IEDs. Are improvised explosive devices covered by the right to bear arms?
On that horrible day last December, I walked into a grocery store in Connecticut, found everyone, staff, customers, delivery people, crying without pause and learned what happened in the nearby town of Newtown. Since then, I've been really troubled about the scope and logic of the second amendment and its zealous advocates. Since more people died from gun violence and gun accidents the day of the Boston Marathon, or today, or tomorrow, than died from the Boston blast. I don't want to call my discussions with my Second firster friends abstract or philosophical, but I have been troubled wondering about the semantics of "bearing arms." I used as my example: Say a few of us mounted the RPG things on top of pickups, like the pictures we used to see of Afghanistan during the Russian occupation or the Taliban period, and parked them in front of a state capitol building, let's say Madison, Wisconsin, just for discussion.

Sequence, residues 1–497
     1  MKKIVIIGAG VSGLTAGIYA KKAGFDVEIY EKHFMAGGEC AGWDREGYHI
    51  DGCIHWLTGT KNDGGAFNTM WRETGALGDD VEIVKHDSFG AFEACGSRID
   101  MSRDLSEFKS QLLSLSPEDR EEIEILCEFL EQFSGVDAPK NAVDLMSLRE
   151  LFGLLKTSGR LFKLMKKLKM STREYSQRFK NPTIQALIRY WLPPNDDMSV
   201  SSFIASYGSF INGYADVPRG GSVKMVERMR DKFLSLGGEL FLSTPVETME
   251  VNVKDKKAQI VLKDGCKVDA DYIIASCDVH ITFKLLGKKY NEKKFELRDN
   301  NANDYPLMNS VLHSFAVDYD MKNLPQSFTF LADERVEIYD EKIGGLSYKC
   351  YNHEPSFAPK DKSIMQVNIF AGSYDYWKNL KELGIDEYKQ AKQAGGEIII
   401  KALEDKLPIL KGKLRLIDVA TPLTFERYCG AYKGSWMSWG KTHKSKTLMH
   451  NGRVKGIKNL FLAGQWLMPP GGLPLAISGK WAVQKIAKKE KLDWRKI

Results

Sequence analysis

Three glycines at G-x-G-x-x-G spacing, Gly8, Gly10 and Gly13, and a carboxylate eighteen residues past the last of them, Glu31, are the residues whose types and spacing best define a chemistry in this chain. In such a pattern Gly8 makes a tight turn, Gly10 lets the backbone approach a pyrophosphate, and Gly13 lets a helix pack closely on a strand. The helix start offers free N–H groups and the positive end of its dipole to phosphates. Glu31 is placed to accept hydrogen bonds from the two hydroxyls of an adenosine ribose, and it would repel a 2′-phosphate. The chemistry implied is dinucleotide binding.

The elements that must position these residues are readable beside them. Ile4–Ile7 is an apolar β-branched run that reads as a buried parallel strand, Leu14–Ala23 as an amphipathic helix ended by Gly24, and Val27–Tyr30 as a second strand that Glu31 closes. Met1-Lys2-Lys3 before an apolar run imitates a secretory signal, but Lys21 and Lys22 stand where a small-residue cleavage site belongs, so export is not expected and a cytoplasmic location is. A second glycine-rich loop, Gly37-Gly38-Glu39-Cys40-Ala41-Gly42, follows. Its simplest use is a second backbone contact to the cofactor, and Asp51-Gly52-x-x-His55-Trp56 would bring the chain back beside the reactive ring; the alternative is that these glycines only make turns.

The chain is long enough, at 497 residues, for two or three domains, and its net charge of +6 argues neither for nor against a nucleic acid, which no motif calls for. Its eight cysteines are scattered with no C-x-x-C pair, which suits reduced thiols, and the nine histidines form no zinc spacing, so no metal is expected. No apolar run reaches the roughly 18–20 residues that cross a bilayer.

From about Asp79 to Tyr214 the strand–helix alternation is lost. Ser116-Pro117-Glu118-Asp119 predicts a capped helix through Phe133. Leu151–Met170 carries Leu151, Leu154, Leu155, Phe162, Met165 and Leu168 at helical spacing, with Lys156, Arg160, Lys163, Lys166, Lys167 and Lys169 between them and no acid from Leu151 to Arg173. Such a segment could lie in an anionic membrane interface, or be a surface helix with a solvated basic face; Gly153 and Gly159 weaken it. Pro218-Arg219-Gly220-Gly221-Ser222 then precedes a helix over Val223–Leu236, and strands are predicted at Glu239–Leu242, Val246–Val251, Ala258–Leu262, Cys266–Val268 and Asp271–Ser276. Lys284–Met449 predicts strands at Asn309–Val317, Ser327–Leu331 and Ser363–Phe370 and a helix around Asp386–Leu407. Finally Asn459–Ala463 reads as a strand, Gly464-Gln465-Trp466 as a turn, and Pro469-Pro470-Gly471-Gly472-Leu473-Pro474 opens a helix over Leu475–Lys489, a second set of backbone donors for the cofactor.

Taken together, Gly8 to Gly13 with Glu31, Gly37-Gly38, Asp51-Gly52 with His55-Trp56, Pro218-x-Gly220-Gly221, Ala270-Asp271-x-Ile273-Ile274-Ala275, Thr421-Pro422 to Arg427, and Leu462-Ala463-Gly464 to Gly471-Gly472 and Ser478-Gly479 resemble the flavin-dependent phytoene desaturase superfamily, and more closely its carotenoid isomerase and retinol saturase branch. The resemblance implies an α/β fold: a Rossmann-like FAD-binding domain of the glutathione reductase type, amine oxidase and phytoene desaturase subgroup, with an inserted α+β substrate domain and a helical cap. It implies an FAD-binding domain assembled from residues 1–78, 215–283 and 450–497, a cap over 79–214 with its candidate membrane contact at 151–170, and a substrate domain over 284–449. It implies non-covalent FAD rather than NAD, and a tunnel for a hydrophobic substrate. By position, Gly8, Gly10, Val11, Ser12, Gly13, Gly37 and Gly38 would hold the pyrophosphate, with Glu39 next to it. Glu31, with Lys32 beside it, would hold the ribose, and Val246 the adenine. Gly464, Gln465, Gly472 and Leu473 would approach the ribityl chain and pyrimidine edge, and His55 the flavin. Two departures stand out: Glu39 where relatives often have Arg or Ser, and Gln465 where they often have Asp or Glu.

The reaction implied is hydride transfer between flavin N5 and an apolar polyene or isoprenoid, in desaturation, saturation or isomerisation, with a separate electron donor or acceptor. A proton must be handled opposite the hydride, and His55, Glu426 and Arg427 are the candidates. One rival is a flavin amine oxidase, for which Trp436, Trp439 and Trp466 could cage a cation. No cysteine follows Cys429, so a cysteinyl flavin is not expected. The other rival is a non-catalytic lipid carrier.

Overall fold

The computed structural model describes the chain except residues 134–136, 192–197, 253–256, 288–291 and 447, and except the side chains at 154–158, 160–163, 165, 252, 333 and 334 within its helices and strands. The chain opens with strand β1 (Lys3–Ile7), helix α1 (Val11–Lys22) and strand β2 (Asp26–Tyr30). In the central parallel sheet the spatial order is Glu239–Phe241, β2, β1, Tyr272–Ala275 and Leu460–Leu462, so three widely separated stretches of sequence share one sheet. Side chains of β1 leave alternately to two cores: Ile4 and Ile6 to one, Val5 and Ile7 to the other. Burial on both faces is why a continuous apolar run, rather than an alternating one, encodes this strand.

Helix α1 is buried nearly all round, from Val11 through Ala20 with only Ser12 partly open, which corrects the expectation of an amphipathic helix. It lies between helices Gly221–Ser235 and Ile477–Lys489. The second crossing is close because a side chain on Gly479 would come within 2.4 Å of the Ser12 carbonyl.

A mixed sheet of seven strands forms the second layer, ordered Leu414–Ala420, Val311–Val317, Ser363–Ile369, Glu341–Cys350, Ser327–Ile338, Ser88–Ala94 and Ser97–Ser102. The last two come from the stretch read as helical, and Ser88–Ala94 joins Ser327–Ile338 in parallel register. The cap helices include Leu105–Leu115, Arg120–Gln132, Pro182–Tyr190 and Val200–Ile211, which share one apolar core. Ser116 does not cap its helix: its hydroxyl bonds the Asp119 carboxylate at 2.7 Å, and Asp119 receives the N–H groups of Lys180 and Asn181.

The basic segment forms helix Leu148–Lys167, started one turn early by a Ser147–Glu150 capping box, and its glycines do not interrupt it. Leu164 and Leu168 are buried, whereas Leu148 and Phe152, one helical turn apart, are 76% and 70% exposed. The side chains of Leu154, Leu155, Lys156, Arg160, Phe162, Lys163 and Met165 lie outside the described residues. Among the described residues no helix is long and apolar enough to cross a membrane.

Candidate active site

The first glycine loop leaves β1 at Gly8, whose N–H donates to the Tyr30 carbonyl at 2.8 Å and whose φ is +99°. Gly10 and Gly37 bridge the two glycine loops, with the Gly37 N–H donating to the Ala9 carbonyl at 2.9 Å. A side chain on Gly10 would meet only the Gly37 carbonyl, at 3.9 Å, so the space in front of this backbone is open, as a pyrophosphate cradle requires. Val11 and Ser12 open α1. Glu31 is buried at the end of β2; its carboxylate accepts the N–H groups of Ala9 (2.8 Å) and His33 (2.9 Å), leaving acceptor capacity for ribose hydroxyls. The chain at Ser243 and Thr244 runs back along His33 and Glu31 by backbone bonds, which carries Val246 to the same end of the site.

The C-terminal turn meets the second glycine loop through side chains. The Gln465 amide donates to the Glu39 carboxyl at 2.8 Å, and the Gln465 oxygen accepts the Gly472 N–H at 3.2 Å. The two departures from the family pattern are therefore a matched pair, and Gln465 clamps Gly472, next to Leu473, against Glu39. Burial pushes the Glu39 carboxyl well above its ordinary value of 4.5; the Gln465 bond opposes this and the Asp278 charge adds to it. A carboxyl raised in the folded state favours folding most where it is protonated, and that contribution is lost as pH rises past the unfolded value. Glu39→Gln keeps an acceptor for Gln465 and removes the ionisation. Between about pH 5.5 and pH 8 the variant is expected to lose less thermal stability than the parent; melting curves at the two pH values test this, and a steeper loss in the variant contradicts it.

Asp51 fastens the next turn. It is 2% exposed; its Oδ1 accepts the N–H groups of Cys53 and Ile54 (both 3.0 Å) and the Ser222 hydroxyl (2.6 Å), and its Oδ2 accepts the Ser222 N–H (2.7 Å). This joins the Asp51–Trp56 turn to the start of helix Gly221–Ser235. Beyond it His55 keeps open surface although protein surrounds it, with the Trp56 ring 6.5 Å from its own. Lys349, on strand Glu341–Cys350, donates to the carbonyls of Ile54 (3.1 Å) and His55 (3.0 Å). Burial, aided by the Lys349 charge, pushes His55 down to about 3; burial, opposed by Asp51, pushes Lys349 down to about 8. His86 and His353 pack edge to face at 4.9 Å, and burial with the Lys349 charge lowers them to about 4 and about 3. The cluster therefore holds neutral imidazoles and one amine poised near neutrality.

Is this covered by our Second amendment rights? Do they have to be concealed? Do I need a special permit? If I buy this on the internet, do I need a background check? Nobody had answers.
Then, way, way, way less abstractly, is an IED covered by "arms"? If so, is it ok then to carry one as a concealed weapon, maybe in a backpack, as long as the person carrying it (I was going to use I there, but thought better of it) has no intent to use it?
I'm sure this community will have lots of guidance on this topic, but maybe, with Boston in mind, today would be a good day to see what Rand Paul, Ted Cruz, Marco Rubio, Antonin Scalia, Lamar Alexander, Mitch McConnell and that whole crew have to say?
I really fear for my country, my loved ones, and all my fellow citizens if the answer here is yes.